Text by Dubspeed Media Staff, Carl Modesette Photos by Zerin Dube, interior photo by manufacturer
Since the A3’s introduction in the United States in May of last year, the Audi enthusiast community has been groaning for a quattro-equipped model. Unavailable on all 2.0T-powered A3’s, the absence of Audi’s signature all-wheel drive system betrayed the history of the quad-ringed marque. Audi answered late in 2005 with the 2006 A3 3.2 S-line quattro DSG. If that sounds like a mouthful to you, you’re not the only one – however, this is how all 3.2L A3’s will come equipped. Read More
Text by Dubspeed Media Staff, Carl Modesette and Zerin Dube Photos by Zerin Dube and Matt Chow, additional photos by respective manufacturers
As fuel prices in the United States continue to rise, consumers are beginning to direct their attention further away from traditional gas-guzzling family trucksters and more towards alternatives that are actually halfway economical. The problem is, at least in this writer’s humble opinion, that the media (and industry) buzz is focused solely around hybrids. While certainly a viable and increasingly available option, little if any attention is being paid to other alternatives, namely diesels. Thus, when the opportunity to sample Mercedes’ latest offering presented itself in the form of the 2006 E320 CDI, we jumped at the chance. Read More
Text by Dubspeed Media Staff, Zerin Dube Photos by author, additional photos by manufacturer
Those of us in Texas love all things big. As evidence, I present you with the following trivia. The King Ranch in Kingsville is bigger than the entire state of Rhode Island. Dallas/Ft. Worth Airport is home to the nation’s largest parking lot. Fort Sam Houston is home to more historical buildings than Colonial Williamsburg. Texas is home to three of the top ten biggest cities in the nation. The Port of Houston handles more foreign cargo than any other port in the nation. If Texas was its own independent nation, it would rank as the world’s fifth largest petroleum-producing country. You can buy a 4.5 pound steak at the Big Texan Steak Ranch in Amarillo…they’ll even give it to you free if you can finish it. And to sum up the sheer size of this state: El Paso, TX is closer to Needles, CA than it is to Dallas, TX. It’s pretty clear that the old saying “Everything is bigger in Texas” is fairly true. Read More
Text by Dubspeed Media Staff, Zerin Dube Photos by Manufacturer, additional photos by author
When BMW introduced the E39 M5 at the 1998 Geneva Motor Show, it took the breath from automotive enthusiasts everywhere. The M5 was the perfect combination of muscular looks, incredible handling, vicious power…all packaged within the practicality of a sedan. With 400 horsepower (394hp depending who you ask) at the driver’s disposal, the M5 quickly became a legend – with little competition from other European manufacturers. That is, until Jaguar introduced the S-Type R in 2003. The S-Type R looked like, at least on paper, to be a direct competitor for the E39 M5. Like the M5, the Jaguar S-Type R was a mid-size sport sedan based on an already established model, and also benefited from a very powerful V-8 engine. Both carried sticker prices over $60k, and both appeared to be targeting the same demographic: people who wanted an extremely sports-oriented luxury sedan. In 2003, the S-Type R was a bargain at $62,400 compared to the M5’s hefty price tag of $70,545. Read More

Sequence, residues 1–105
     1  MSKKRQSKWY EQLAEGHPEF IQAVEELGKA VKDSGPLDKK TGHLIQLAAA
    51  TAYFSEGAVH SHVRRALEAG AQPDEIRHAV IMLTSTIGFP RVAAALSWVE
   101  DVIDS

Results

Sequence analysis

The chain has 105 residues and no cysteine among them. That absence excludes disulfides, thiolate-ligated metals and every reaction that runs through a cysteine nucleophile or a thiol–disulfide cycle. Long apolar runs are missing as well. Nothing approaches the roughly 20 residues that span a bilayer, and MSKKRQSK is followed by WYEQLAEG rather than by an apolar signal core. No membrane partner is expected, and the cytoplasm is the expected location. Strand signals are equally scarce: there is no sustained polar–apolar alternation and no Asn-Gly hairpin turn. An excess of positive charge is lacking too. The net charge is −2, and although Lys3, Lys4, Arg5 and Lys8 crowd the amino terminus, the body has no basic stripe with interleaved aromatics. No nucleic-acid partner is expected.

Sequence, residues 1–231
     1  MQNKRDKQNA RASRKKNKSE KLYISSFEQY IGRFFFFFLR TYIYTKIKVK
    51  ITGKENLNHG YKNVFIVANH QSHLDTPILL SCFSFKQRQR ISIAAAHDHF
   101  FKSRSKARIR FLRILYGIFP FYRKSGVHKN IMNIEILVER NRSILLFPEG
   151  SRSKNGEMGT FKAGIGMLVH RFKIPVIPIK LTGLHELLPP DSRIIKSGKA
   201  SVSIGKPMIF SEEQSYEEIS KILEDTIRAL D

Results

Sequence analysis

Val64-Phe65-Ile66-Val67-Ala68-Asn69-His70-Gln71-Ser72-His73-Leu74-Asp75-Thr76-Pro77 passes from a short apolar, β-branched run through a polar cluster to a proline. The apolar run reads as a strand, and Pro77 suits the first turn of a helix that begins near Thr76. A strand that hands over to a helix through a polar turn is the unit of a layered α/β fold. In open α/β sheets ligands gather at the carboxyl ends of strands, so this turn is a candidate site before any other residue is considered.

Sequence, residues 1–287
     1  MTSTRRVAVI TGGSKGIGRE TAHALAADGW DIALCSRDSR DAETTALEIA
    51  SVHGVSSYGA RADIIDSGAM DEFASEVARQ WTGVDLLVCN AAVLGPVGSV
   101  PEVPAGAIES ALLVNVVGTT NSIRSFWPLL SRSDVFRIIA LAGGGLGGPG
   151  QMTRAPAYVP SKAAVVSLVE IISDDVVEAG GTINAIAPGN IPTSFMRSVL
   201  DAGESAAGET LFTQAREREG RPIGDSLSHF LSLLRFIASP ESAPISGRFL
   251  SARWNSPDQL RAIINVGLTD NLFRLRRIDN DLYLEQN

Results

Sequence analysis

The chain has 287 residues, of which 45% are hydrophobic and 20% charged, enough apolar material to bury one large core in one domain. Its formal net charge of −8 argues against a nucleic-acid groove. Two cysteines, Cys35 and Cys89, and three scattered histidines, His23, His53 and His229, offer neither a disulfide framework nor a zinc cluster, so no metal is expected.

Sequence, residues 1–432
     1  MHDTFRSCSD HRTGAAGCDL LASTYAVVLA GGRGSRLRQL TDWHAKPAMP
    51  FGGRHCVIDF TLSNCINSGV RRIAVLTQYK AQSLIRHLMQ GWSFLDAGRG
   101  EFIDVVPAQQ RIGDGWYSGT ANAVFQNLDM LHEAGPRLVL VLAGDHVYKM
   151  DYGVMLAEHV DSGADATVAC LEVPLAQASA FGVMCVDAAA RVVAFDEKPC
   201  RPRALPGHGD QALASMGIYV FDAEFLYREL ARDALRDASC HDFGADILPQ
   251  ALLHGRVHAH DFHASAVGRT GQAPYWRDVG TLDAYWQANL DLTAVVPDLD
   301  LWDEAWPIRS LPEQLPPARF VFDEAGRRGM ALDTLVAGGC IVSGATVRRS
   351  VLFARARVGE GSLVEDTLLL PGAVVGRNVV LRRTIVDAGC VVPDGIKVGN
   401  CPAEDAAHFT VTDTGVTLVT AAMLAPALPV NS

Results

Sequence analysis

Text by Dubspeed Media Staff, Zerin Dube Photos by Matt Chow and Zerin Dube
In 1989, Mazda took America by storm with the introduction of the brand-new 1990 MX-5 Miata. The Miata filled a void in America’s car market for a simple, classic, 2-seat roadster that had been empty since the 1980 demise of MGB. Mazda’s formula for the Miata was as simple as the car itself – that less was more. Give the public a true sports car in classic roadster format, and make it affordable. With a 1990 base price of $13,800, the MX-5 Miata became an instant success.
Text by Dubspeed Media Staff, Carl Modesette Photos by Matt Chow
To be completely honest, I wasn’t all that excited about my latest press vehicle assignment, the 2006 Dodge Charger R/T. I had seen the Charger’s debut at the 2005 NAIAS in Detroit, and while the front end of the car seemed bold and aggressive, nothing else really excited me about the car. “Besides,” I had thought to myself, “it’s just another boring American attempt at a throwback vehicle to revive sagging sales…”
Nevertheless, I was determined to give the car an objective review. In the few days prior to picking up the car, I had mentioned the upcoming review in passing to several co-workers and friends – surprisingly, nearly all of them were quite excited about the car. I’d be lying if I said that their enthusiasm hadn’t colored my initial pessimism with a bit of curiosity.